- The calculus functions are designed to operate in two modes: a silent mode, where only standard spreadsheet errors are returned like #VALUE!, and a verbose mode, where the function may display an informative error or warning message alert in a popup window. It is recommended to work in the verbose mode when setting up the problem, but switch to the silent mode before running the NLP Solver. Switching between the two modes is triggered by evaluating the formula ‘=VERBOSE(TRUE)’ or ‘=VERBOSE(FALSE)’ in any cell in the workbook. For some problems, the Solver may wander into illegal input space before it recovers and adjusts its search. The silent mode blocks any occasional error alerts from the calculus functions.

#### 4.3. Generalization to a Special Class of Control Problems

## 5. Conclusions

## Supplementary Materials

## Acknowledgments

## Conflicts of Interest

## Appendix A

#### Appendix A.1. Initial Value Problem Solver Spreadsheet Function

- Reference to the right-hand side formulas corresponding to the vector-valued function $F\left(\mathit{x}\left(t\right),t\right)=\left({f}_{1}\left(\mathit{x}\left(t\right),t\right),{f}_{2}\left(\mathit{x}\left(t\right),t\right),\dots ,{f}_{n}\left(x\left(t\right),t\right)\right)$. Any algebraic equations should be ordered last.
- Reference to the system variables corresponding to t and $\mathit{x}\left(t\right)$ in the specific order ($t,\text{}{x}_{1},\text{}{x}_{2},\text{}\dots ,{x}_{n}$).
- The integration time interval end points.

**Figure A2.**(

**a**) Partial listing of the computed solution by formula A3; (

**b**) Plots of the trajectories.

#### Appendix A.2. Discrete Data Integrator Spreadsheet Function

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**Figure 2.**Illustration of the ordered steps for defining an analogous objective formula to the cost index functional (1). The illustration assumes a problem with two state variables and one control.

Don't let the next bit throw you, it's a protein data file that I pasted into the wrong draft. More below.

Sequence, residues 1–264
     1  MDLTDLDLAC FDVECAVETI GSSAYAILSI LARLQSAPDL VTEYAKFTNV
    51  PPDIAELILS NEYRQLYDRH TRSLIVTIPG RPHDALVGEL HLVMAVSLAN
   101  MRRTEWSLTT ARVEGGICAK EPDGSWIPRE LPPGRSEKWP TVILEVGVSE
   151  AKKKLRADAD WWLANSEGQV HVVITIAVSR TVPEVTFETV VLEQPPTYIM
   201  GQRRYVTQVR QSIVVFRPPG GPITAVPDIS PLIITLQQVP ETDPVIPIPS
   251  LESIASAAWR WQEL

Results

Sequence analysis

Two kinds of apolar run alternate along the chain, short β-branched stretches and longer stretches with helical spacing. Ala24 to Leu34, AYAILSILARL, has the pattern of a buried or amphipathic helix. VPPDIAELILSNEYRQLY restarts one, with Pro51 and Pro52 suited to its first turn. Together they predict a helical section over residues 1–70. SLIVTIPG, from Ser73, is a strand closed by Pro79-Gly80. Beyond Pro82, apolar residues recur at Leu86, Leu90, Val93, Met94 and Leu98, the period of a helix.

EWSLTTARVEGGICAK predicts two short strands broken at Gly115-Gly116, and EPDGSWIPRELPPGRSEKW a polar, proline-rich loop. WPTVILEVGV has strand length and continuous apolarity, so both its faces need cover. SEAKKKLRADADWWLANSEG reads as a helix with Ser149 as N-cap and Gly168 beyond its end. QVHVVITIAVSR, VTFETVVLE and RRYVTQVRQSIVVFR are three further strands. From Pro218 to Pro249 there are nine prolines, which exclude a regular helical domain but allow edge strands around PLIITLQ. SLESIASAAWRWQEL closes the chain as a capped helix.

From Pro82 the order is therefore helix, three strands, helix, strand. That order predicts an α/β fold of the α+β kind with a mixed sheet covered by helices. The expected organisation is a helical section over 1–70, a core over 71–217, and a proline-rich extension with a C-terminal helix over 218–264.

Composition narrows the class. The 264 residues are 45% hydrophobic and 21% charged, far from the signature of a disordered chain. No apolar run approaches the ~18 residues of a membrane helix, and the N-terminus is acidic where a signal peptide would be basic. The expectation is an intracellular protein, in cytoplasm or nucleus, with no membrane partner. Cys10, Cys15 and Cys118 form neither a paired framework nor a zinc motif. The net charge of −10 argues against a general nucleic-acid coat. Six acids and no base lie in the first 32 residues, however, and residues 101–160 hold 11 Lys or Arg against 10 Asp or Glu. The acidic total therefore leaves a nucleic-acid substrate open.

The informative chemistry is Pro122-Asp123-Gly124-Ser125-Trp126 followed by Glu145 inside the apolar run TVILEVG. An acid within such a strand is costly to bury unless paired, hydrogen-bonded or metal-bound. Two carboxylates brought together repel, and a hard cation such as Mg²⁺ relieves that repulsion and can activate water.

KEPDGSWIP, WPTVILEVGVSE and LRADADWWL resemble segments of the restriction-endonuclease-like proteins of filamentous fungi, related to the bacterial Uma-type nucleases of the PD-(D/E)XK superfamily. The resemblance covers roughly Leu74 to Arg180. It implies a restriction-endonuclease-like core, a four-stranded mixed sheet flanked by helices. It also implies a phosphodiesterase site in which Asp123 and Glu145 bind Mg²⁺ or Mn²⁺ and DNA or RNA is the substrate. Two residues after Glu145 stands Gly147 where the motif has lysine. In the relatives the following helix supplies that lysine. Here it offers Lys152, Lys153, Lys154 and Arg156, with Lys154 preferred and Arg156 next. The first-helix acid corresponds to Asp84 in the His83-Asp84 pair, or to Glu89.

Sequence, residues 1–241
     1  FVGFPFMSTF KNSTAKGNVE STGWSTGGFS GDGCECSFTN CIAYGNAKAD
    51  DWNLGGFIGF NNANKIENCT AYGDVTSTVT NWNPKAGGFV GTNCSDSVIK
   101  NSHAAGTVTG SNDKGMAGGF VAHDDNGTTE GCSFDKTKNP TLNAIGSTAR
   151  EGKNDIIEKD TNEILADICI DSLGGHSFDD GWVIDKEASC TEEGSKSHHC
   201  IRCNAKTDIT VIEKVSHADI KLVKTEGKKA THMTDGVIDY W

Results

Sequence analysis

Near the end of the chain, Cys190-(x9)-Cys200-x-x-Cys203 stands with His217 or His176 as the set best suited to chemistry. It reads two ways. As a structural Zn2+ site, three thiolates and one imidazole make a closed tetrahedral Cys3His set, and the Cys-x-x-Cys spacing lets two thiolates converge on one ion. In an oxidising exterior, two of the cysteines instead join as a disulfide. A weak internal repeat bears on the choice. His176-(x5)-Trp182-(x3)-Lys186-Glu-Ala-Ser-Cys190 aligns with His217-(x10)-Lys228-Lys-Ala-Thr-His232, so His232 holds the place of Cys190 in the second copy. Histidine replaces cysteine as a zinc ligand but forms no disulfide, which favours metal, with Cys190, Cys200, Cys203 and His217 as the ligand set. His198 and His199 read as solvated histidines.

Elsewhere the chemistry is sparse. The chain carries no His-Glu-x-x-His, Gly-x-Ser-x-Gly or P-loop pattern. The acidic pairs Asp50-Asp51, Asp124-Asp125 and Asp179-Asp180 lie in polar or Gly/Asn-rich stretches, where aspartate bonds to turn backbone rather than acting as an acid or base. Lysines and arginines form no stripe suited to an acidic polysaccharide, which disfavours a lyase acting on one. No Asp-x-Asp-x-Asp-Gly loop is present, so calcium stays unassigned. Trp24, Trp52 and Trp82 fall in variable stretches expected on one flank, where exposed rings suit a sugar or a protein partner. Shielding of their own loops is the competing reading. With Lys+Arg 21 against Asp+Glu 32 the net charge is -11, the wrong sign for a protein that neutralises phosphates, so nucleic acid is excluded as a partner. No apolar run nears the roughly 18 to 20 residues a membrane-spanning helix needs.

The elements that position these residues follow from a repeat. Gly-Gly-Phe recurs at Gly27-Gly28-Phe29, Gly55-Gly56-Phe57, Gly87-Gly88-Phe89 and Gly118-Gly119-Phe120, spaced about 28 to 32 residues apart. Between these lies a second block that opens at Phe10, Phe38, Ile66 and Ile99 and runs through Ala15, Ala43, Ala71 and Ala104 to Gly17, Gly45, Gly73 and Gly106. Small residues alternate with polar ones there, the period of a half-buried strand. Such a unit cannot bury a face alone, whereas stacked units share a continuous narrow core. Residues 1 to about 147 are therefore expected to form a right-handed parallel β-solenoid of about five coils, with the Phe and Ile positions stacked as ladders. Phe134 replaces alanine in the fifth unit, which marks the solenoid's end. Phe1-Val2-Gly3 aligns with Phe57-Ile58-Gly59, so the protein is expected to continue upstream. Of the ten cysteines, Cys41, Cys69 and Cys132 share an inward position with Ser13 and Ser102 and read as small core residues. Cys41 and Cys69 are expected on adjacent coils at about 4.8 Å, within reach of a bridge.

**Figure 3.**Spreadsheet model for IVP (7)–(9) with parametrized control function. The colored ranges are input parameters for the IVSOLVE Formula (11).

**Figure 4.**Partial listing of computed results by Formula (11). Also shown are generated control and integrand columns, and initial objective formula value. The associated formulas are listed in Table 1.

**Figure 7.**(

**a**) Initial trajectories for optimal control problem (6)–(10) based on the default values shown in Figure 3; (

**b**) Optimal trajectories found by Excel’s nonlinear programming (NLP) Solver.

**Figure 8.**Spreadsheet model for the IVP (13)–(15) with parametrized control function. The colored ranges are input parameters for IVSOLVE Formula (16).

**Figure 9.**Partial listing of computed results by Formula (16). Also shown are generated control and integrand columns, and the initial objective formula value. The associated formulas are listed in Table 2.

**Figure 10.**(

**a**) Initial trajectories for optimal control problem (12)–(15) based on the default values shown in Figure 8; (

**b**) Optimal trajectories found by Excel’s NLP Solver.

**Figure 11.**Answer Report generated by Excel’s Solver for optimal control problem (12)–(15) based on the initial guess values in Figure 8.

**Figure 12.**Answer Report for optimal control problem (12)–(15) using a different initial guess and yielding improved minimum.

**Figure 13.**Optimal trajectories for optimal control problem (12)–(15) found by Excel’s Solver starting from a different initial guess, leading to a lower objective value.

**Figure 14.**Spreadsheet model for the IVP (18)–(24) with parametrized control functions. The colored ranges are input parameters for IVSOLVE Formula (30).

**Figure 15.**Partial listing of computed result by Formula (30). Also shown are generated control and integrand columns. The associated formulas are listed in Table 3.

**Figure 16.**Initial trajectories for optimal control problem (17)–(29) based on default values shown in Figure 14.